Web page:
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October 02, 2012
Re: Idea: Introduce zero-terminated string specifier
On 10/1/2012 7:22 PM, Steven Schveighoffer wrote:
> However, we can't require an import to use a bizarre
> specifier, and you can't link un@safe code to a specifier, so the zstr
> concept is far superior in requiring the user to know what he is doing,
> and having the compiler enforce that.

Yup.


> Does it make sense for Phobos to provide such a shortcut in an obscure
> header somewhere? Like std.cstring? Or should we just say "roll your own
> if you need it"?

As a matter of principle, I really don't like gobs of Phobos functions 
that are literally one liners. Phobos should not become a mile wide but 
inch deep library of trivia. It should consist of non-trivial, useful, 
and relatively deep functions.
October 02, 2012
Re: Idea: Introduce zero-terminated string specifier
Andrej Mitrovic wrote:
> On 10/1/12, Piotr Szturmaj <bncrbme@jadamspam.pl> wrote:
>> For example C binding writers may change:
>>
>> extern(C) char* getstr();
>>
>> to
>>
>> extern(C) cstring getstr();
>
> I don't think you can reliably do that because of semantics w.r.t.
> passing parameters on the stack vs in registers based on whether a
> type is a pointer or not. I've had this sort of bug when wrapping C++
> where the C++ compiler was passing a parameter in one way but the D
> compiler expected the parameters to be passed, simply because I tried
> to be clever and fake a return type. See:
> http://forum.dlang.org/thread/mailman.1547.1346632732.31962.d.gnu@puremagic.com#post-mailman.1557.1346690320.31962.d.gnu:40puremagic.com

I think that align(1) structs that wrap a single value should be treated 
as its type. After all they have the same size and representation. I 
don't know how this works now, though.
October 02, 2012
Re: Idea: Introduce zero-terminated string specifier
On 10/2/12 4:09 AM, Walter Bright wrote:
> On 10/1/2012 7:22 PM, Steven Schveighoffer wrote:
>> Does it make sense for Phobos to provide such a shortcut in an obscure
>> header somewhere? Like std.cstring? Or should we just say "roll your own
>> if you need it"?
>
> As a matter of principle, I really don't like gobs of Phobos functions
> that are literally one liners. Phobos should not become a mile wide but
> inch deep library of trivia. It should consist of non-trivial, useful,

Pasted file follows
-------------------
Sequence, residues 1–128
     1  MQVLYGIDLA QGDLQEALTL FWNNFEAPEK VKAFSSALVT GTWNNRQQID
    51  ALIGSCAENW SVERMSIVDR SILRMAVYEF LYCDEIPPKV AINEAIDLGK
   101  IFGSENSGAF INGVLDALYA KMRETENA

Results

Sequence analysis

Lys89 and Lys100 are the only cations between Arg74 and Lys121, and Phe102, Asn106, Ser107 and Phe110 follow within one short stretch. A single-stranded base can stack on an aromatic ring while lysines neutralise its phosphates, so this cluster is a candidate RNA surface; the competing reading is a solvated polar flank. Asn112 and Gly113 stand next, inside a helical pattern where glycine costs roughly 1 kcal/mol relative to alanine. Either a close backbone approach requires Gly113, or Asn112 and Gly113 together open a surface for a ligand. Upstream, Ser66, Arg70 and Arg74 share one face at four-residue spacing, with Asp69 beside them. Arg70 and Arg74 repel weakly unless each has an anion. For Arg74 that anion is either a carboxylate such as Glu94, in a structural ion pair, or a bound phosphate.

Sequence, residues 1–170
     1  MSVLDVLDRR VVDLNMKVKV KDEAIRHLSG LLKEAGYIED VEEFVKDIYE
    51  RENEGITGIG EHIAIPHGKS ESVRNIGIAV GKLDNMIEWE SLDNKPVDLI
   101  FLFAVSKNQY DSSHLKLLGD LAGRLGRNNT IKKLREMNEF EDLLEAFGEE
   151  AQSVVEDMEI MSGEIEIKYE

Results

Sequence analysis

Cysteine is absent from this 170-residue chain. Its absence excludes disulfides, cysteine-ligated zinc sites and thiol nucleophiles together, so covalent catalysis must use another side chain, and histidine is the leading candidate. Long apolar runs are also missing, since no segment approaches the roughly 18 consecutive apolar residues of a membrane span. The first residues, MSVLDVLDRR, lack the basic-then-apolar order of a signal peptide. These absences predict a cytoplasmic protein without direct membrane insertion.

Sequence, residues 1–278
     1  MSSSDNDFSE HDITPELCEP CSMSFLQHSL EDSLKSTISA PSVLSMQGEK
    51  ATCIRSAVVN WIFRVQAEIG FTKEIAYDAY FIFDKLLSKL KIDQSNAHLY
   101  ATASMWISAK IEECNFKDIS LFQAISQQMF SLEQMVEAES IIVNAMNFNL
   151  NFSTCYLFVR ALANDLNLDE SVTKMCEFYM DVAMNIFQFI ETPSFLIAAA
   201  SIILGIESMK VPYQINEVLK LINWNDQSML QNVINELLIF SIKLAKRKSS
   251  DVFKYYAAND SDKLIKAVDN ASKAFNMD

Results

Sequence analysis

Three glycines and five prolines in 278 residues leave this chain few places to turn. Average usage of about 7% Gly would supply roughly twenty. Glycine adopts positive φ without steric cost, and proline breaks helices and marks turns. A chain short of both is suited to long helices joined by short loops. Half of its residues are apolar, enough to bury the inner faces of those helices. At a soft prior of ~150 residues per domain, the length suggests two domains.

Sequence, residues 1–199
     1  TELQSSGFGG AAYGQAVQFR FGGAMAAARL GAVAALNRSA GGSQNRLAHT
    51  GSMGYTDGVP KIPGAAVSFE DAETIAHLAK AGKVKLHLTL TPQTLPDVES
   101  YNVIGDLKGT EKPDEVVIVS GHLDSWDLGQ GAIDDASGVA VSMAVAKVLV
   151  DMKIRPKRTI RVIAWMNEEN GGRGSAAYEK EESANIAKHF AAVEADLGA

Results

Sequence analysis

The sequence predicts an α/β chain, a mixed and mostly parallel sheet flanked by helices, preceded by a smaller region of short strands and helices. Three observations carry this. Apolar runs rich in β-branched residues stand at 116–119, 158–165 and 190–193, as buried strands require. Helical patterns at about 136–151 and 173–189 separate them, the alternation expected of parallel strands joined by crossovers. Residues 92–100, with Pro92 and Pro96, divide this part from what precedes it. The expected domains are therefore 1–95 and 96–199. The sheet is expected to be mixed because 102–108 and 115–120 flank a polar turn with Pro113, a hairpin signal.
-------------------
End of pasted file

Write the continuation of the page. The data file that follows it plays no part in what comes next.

> and relatively deep functions.

Well there are some possible reasons. Clearly useful functionality 
that's nontrivial deserves being abstracted in a function. On the other 
hand, even a short function is valuable if frequent enough and deserving 
of a name. We have e.g. s.strip even though it's equivalent to 
s.stripLeft.stripRight.

Andrei
October 02, 2012
Re: Idea: Introduce zero-terminated string specifier
Le 01/10/2012 22:33, Vladimir Panteleev a écrit :
> On Monday, 1 October 2012 at 12:12:52 UTC, deadalnix wrote:
>> Le 01/10/2012 13:29, Vladimir Panteleev a écrit :
>>> On Monday, 1 October 2012 at 10:56:36 UTC, deadalnix wrote:
>>>> How does to!string know that the string is 0 terminated ?
>>>
>>> By convention (it doesn't).
>>
>> It is unsafe as hell oO
>
> Forcing the programmer to put strlen calls everywhere in his code is not
> any safer.

I make the library safer. If the programmer manipulate unsafe construct 
(like c strings) it is up to the programmer to ensure safety, not the lib.
October 02, 2012
Re: Idea: Introduce zero-terminated string specifier
Le 02/10/2012 03:13, Walter Bright a écrit :
> On 9/30/2012 11:31 AM, deadalnix wrote:
>> If you know that a string is 0 terminated, you can easily create a slice
>> from it as follow :
>>
>> char* myZeroTerminatedString;
>> char[] myZeroTerminatedString[0 .. strlen(myZeroTerminatedString)];
>>
>> It is clean and avoid to modify the stdlib in an unsafe way.
>
>
> Of course, using strlen() is always going to be unsafe. But having %zs
> is equally unsafe for the same reason.
>
> deadalnix's example shows that adding a new format specifier %zs adds
> little value, but it gets much worse. Since %zs is inherently unsafe, it